DAYTONA BEACH, Fla. — Based on the lack of congestion and panic in the garage area Wednesday, it was obvious everyone was ready to take it easy in both 150-mile qualifying races for the Daytona 500.
Unlike seasons past, the path to making the starting grid for the biggest stock car race in the world is easy: Just don’t finish last.
With 45 entries and only 43 spots, the real strategy is to be safe and smart since there’s a greater reward for those who don’t take any risks.
Even with a less-frantic practice session on Wednesday, staying out of trouble still proved to be difficult.
Ryan Newman spun in the first practice, collecting cars driven by Carl Edwards and Mark Martin. All three teams worked the rest of the day making repairs to be ready for the first green flag today at 1 p.m. (SPEED).
Later in the session Dale Earnhardt Jr. and Brad Keselowski had engine problems.
NASCAR dropped its top 35 rule that created automatic exemptions into each race for drivers ranked in the top 35. The lineup for Sunday’s race now will be determined by a combination of pole qualifying, duels results and car owner points.
Danica Patrick and Jeff Gordon secured their spots on the front row in qualifying. The next 30 spots will go to the 15 highest-finishing drivers in each of the Duel races. After that, the top four qualifying speeds that still aren’t in, qualify for the 500 and the final spot is reserved to a former series champion.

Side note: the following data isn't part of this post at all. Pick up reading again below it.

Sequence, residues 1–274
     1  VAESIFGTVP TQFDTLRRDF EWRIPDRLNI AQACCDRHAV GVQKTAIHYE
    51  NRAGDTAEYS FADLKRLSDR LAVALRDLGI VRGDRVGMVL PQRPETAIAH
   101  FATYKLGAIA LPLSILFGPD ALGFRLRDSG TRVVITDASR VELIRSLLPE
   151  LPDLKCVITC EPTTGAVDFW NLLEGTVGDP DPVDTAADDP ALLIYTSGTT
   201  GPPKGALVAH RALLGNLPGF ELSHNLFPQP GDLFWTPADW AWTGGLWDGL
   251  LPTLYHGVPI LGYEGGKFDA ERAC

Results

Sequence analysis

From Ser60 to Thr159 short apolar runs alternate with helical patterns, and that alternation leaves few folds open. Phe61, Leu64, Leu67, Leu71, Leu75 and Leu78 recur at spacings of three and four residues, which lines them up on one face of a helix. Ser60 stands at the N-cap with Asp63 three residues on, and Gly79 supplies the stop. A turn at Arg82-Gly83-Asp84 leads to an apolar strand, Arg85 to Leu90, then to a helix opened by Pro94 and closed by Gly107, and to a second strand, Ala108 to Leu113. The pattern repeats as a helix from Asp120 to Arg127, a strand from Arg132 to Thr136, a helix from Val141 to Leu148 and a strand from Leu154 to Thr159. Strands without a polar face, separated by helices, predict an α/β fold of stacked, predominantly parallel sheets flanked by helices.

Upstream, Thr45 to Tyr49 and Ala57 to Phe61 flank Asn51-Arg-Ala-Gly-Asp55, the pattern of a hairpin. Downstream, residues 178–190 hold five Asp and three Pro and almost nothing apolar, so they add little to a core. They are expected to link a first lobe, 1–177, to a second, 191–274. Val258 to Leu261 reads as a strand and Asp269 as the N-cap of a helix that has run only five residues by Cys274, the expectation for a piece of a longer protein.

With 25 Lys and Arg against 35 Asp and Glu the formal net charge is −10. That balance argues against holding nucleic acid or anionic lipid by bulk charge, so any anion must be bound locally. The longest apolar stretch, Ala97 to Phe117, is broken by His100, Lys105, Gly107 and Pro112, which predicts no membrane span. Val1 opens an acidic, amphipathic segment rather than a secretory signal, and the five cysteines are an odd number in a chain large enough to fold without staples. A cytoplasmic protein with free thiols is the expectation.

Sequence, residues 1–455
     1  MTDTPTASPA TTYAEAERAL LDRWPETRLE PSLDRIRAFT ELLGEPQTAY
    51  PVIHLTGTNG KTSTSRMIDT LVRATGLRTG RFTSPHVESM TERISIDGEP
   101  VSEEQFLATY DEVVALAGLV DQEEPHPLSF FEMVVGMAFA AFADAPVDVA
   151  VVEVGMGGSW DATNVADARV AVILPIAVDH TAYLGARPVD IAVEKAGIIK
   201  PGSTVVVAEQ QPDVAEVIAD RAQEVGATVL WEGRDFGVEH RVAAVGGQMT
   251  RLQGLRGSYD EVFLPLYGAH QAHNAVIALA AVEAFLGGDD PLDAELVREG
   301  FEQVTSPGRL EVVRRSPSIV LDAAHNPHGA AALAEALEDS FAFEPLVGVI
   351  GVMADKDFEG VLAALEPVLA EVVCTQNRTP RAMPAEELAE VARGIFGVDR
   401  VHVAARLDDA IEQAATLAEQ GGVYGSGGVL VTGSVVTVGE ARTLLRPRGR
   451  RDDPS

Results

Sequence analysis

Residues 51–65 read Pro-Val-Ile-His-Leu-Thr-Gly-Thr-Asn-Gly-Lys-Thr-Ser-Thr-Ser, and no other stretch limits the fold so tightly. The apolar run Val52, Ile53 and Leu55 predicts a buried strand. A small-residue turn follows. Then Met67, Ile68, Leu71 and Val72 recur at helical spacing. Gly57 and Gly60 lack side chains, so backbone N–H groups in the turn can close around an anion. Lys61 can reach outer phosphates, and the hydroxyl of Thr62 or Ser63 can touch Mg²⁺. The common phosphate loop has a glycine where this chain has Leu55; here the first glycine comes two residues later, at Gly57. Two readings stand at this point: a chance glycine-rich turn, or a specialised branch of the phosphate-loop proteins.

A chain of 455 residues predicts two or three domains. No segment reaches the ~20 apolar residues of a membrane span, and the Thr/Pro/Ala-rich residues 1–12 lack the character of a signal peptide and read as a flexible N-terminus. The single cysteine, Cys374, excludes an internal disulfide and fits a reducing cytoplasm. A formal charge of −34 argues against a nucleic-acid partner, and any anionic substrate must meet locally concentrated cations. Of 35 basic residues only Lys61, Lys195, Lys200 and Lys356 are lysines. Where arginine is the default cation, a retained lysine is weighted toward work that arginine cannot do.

“We have a simple plan: be cautiously aggressive,” said Wally Rogers, crew chief for Scott Speed.
The accident early Wednesday convinced 20 teams to stay in the garage area for the afternoon practice.
“There’s no reason to make any stupid moves,” Austin Dillon said. “We’re starting eighth (in the second Duel). We want to stay in that lead pack and stay out of trouble. We don’t want to get in the back.”
Patrick will start on the pole in the first qualifying race. Trevor Bayne will be second, followed by Tony Stewart, Denny Hamlin, Joey Logano and Earnhardt.
Gordon will be first in the second 150-miler, followed by Newman, Kasey Kahne, Kyle Busch, Matt Kenseth and Ricky Stenhouse Jr.
Michael Waltrip will start 16th in the first Duel, but crew chief Tony Eury Jr. isn’t concerned. In fact, he’d be happy if Waltrip finished 16th today – and in one piece.
“No accidents,” Eury said. “We have to be smart. Our biggest deal is to run a conservative race. There are two or three cars off the pace a little bit so it should be an easy feat. But that doesn’t mean it will be easy. The key is to finish.”
Kenseth skipped the final session. He was involved in a multi-car accident last Friday while preparing for the Sprint Unlimited exhibition race, so his team skipped the final practice.
“It was self-induced,” he said.
Another reason to take it easy is teams don’t have a lot of cars. It’s been difficult for teams to get ahead because the demand for parts from the manufacturers and rear deck lids from NASCAR has exceeded the supply. Some teams already are down to their last car.
While the majority of teams will work harder to stay out of trouble, some will use the qualifying race as a dress rehearsal for the Daytona 500.
“To me, the Duels are the most important part of the week,” Kenseth said. “You go out there and that’s your first test in real race conditions. You try to make some moves, try to run with some people and maybe gain their trust that you have a fast car.”